Tissue engineering and cell therapy is a new and exciting approach to the treatment of acute and chronic diseases. The potential success of this therapeutic approach lies in the growing appreciation that most disease processes are not due to the lack of a single protein but develop due to alterations in complex interactions of a variety of cell products. Cell therapy is dependent on cell and tissue culture methodologies to expand specific cells to replace important differentiated processes deranged or lost in various disease states. The systemic inflammatory response syndrome, or SIRS, is a catastrophic sequela of a variety of clinical insults, including infection, pancreatitis, and cardiopulmonary bypass, and claims over forty thousand lives in the U.S. each year. The exceptionally high mortality associated with the syndrome is due in part to the development of the highly lethal multiple system organ failure syndrome (MOF) in a subset of patients with SIRS. The sequential failure of organ systems apparently unrelated to the site of the initial insult has been correlated with altered plasma cytokine levels observed in sepsis. The data accrued in this Phase II proposal will develop a miniature cellular device which will be accessed via an extracorporeal catheter system. This extracorporeal device, named bioartificial renal epithelial cell system (BRECS), will be developed and tested for efficacy in treating SIRS and sepsis in a pre-clinical large animal model of septic shock. At the end of Phase II, the developed pre-clinical data will be used for an IND application for the clinical testing of this therapeutic cellular device in treatment of septic shock and SIRS. Relevance: The goal of this proposal is to develop a cell based therapy that can be used to reverse the serious clinical events associated with patients who develop septic shock. The success of this project would decrease the very high mortality rate of septic shock and therefore contribute to patient recovery from this devastating disease process.

Public Health Relevance

The long-term goal of this proposal is to develop a bioartificial renal epithelial cell system (BRECS) that effectively adds therapeutic value to a variety of disease processes. The target application is in the treatment of Systemic Inflammatory Response Syndrome (SIRS) and sepsis. Severe sepsis with SIRS occurs in 200,000 patients annually in the U.S. and has a mortality rate of 30 40%, even with use of intensive care units and broad spectrum antibiotics. This device would greatly reduce the multiorgan effects of sepsis and SIRS, thus improving the clinical outcome of patients affected by these disease processes.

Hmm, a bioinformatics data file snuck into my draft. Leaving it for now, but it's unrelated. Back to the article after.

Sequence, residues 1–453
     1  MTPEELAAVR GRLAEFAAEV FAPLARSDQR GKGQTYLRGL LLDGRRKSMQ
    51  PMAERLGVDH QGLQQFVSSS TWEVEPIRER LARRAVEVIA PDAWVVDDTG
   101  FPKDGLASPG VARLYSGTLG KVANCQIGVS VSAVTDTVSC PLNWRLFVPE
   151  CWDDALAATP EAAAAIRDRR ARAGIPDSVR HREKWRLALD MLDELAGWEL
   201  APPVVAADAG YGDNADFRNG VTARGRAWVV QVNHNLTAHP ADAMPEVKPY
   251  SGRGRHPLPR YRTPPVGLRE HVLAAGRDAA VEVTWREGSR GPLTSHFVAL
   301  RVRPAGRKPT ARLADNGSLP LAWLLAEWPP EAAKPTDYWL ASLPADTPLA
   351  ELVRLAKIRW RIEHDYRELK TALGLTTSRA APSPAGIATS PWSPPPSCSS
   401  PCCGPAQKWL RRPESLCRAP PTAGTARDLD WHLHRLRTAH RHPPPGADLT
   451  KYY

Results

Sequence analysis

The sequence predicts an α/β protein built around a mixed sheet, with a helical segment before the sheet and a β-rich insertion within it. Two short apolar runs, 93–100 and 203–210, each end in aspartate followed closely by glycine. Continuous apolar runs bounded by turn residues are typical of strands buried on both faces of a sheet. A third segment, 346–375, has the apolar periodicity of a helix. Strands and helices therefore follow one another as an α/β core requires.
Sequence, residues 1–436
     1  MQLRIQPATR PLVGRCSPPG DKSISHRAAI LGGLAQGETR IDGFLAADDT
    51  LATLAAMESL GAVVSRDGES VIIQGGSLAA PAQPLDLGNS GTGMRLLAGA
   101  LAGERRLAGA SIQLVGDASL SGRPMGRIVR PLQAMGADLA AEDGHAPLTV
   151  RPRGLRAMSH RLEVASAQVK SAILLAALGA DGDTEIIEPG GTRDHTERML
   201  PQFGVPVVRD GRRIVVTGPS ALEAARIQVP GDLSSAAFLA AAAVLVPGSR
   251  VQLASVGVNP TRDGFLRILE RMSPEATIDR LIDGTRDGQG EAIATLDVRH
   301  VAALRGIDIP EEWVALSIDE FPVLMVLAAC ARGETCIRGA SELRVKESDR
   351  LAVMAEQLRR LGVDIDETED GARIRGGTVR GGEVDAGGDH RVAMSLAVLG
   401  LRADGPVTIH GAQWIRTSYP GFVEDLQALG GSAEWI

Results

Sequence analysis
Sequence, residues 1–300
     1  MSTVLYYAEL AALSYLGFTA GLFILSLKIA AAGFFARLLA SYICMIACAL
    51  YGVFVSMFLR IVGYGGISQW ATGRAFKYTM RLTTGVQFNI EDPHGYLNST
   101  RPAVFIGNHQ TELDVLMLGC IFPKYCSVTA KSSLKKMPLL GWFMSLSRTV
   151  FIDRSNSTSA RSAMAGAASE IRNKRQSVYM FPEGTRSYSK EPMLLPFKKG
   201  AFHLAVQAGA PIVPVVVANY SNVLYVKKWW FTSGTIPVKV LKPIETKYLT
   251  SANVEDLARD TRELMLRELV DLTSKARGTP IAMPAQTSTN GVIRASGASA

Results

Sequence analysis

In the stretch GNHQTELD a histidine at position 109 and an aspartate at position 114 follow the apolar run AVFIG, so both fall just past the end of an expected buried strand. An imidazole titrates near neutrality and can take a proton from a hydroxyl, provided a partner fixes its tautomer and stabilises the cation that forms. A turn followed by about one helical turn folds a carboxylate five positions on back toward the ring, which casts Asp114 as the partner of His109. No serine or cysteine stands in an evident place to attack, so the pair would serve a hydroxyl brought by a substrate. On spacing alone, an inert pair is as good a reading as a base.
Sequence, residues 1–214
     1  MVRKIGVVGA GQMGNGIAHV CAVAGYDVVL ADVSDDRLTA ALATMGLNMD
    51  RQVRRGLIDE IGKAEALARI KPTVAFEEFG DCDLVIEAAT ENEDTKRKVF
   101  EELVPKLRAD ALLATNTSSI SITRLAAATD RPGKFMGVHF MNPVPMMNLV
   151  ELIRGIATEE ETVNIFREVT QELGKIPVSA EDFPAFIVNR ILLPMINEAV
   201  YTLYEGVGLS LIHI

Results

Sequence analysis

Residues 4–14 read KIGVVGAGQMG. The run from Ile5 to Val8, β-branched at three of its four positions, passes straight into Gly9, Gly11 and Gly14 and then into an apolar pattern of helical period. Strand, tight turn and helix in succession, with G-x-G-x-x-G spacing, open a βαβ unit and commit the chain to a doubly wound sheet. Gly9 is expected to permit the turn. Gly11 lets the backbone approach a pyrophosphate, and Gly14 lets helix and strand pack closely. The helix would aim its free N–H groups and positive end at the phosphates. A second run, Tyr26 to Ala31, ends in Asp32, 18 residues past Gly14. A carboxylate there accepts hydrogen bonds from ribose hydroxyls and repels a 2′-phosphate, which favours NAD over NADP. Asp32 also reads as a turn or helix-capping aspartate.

National Institute of Health (NIH)
National Institute of Diabetes and Digestive and Kidney Diseases (NIDDK)
Small Business Innovation Research Grants (SBIR) - Phase II (R44)
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Special Emphasis Panel (ZRG1-SBTS-E (10))
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Moxey-Mims, Marva M
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Innovative Biotherapies, Inc.
Ann Arbor
United States
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Pino, Christopher J; Westover, Angela J; Buffington, Deborah A et al. (2017) Bioengineered Renal Cell Therapy Device for Clinical Translation. ASAIO J 63:305-315
Westover, Angela J; Buffington, Deborah A; Johnston, Kimberly A et al. (2017) A bio-artificial renal epithelial cell system conveys survival advantage in a porcine model of septic shock. J Tissue Eng Regen Med 11:649-657
Pino, Christopher J; Yevzlin, Alexander S; Lee, Kyungsoo et al. (2013) Cell-based approaches for the treatment of systemic inflammation. Nephrol Dial Transplant 28:296-302
Buffington, Deborah A; Pino, Christopher J; Chen, Lijun et al. (2012) Bioartificial Renal Epithelial Cell System (BRECS): A Compact, Cryopreservable Extracorporeal Renal Replacement Device. Cell Med 4:33-43
Pino, Christopher J; Yevzlin, Alexander S; Tumlin, James et al. (2012) Cell-based strategies for the treatment of kidney dysfunction: a review. Blood Purif 34:117-23
Pino, Christopher J; Humes, H David (2010) Stem cell technology for the treatment of acute and chronic renal failure. Transl Res 156:161-8